Do you know why the Keyspan USB to RS232 adapter will not drip feed using DNC4U? DNC4U recommends Keyspan if one must use a USB to RS232 adapter. I have used a Moxa USB to RS232 adapter with DNC4U and it would drip feed perfectly.

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    Don't quote me on this but they didn't used to recommend it as I remember reading it on their website. This was years ago so maybe it's different now. I remember reading that they had problems with the reliability of the USB side of things being able to "drip" the data. I personally have never tried it, I just remember reading about it. Maybe you can do it now. That's awesome if you can. Means I don't have to buy anything new to do it if I need too. RS232 - Simple USB compatibility (Takisawa TC-20)RS232 - Simple USB compatibility (Takisawa TC-20)RS232 - Simple USB compatibility (Takisawa TC-20)

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    Completely true that some USB to RS232 adapters are not reliable enough to drip feed. Before Tripp Lite bought out the Keyspan line, their adapters would drop data. Belkin did too. Both of those were OK if you just were loading programs to memory. Drip feeding, they would drop data. Sometimes the control would alarm if the data was messed up. Sometimes it just skipped a move.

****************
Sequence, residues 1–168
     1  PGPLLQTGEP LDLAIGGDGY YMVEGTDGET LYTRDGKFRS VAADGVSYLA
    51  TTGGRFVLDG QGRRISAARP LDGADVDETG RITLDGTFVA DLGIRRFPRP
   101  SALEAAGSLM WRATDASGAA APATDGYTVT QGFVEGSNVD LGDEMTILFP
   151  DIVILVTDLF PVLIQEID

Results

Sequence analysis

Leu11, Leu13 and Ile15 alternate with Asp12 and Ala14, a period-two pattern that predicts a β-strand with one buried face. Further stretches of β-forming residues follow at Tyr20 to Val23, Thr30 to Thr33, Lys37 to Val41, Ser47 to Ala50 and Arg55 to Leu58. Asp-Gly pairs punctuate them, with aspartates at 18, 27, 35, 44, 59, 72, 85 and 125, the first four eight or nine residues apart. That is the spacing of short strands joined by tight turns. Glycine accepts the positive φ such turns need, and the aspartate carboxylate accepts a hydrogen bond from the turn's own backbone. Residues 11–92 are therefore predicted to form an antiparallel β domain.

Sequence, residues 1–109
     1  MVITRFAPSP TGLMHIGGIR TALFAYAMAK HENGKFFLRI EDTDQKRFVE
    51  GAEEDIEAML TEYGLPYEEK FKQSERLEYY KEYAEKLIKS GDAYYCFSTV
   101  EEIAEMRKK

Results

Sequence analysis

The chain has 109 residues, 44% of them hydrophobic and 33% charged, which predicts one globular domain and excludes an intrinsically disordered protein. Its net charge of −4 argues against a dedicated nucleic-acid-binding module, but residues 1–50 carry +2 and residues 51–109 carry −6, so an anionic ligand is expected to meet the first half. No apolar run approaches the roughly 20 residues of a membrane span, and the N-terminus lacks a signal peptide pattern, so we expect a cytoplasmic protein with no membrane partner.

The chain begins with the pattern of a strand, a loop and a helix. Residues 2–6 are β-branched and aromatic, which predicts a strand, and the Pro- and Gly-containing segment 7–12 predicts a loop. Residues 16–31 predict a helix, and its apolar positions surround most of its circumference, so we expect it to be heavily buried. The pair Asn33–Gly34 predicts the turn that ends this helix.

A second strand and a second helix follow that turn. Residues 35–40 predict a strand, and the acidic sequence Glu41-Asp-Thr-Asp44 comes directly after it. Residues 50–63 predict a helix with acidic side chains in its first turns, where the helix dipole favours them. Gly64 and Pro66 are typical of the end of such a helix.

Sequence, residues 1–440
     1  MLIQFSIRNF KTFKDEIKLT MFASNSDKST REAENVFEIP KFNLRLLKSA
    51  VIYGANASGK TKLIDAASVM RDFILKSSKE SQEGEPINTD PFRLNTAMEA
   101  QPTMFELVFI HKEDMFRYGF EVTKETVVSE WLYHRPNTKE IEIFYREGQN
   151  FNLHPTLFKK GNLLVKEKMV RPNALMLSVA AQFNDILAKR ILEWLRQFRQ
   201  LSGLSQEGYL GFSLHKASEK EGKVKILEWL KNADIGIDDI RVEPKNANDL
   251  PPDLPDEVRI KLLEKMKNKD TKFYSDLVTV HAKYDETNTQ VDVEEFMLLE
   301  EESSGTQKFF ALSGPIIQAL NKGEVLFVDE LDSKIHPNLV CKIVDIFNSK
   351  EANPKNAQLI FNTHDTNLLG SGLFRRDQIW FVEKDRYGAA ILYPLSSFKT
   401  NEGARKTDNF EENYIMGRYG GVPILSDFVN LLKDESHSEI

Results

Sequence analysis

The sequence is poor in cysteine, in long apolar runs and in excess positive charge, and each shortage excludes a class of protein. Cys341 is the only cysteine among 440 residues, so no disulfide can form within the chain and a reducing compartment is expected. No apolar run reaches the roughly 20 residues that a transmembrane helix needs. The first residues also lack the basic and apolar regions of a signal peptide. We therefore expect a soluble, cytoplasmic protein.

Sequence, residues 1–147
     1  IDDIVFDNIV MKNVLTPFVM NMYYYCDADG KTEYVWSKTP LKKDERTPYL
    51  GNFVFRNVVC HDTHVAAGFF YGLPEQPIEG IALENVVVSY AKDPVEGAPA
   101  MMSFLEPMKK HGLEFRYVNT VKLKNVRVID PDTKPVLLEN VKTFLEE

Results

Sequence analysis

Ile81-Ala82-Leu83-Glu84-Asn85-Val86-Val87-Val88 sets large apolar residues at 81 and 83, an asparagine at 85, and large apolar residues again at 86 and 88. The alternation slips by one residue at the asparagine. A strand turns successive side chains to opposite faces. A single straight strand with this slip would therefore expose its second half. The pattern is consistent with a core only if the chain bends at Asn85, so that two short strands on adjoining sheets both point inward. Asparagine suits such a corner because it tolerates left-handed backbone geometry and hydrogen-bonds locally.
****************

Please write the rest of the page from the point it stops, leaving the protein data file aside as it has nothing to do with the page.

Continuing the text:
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    So is this problem fixed now? Just curious mostly.

    Sent from my Moto G (5) Plus using Tapatalk

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    From the small bit of research I have done it appears that the best adapters use a chip from FTDI.

    FT2232H

    When I first started setting up machines to drip feed programs, I started using a test program that made thousands of .01" incremental moves in all 3 axes with an equal number of negative moves and positive moves. I would start the program at machine zero or with the display zeroed and at the end of the program, the display should be back to machine zero or the display should show zero. If a move or moves got dropped then the position would be different by some multiple of .01".

    A pre Keyspan model from Tripp Lite and a Belkin adapter would usually fail on this test. Typically at the end of the run, 1 or 2 axes would show .01-.03" error.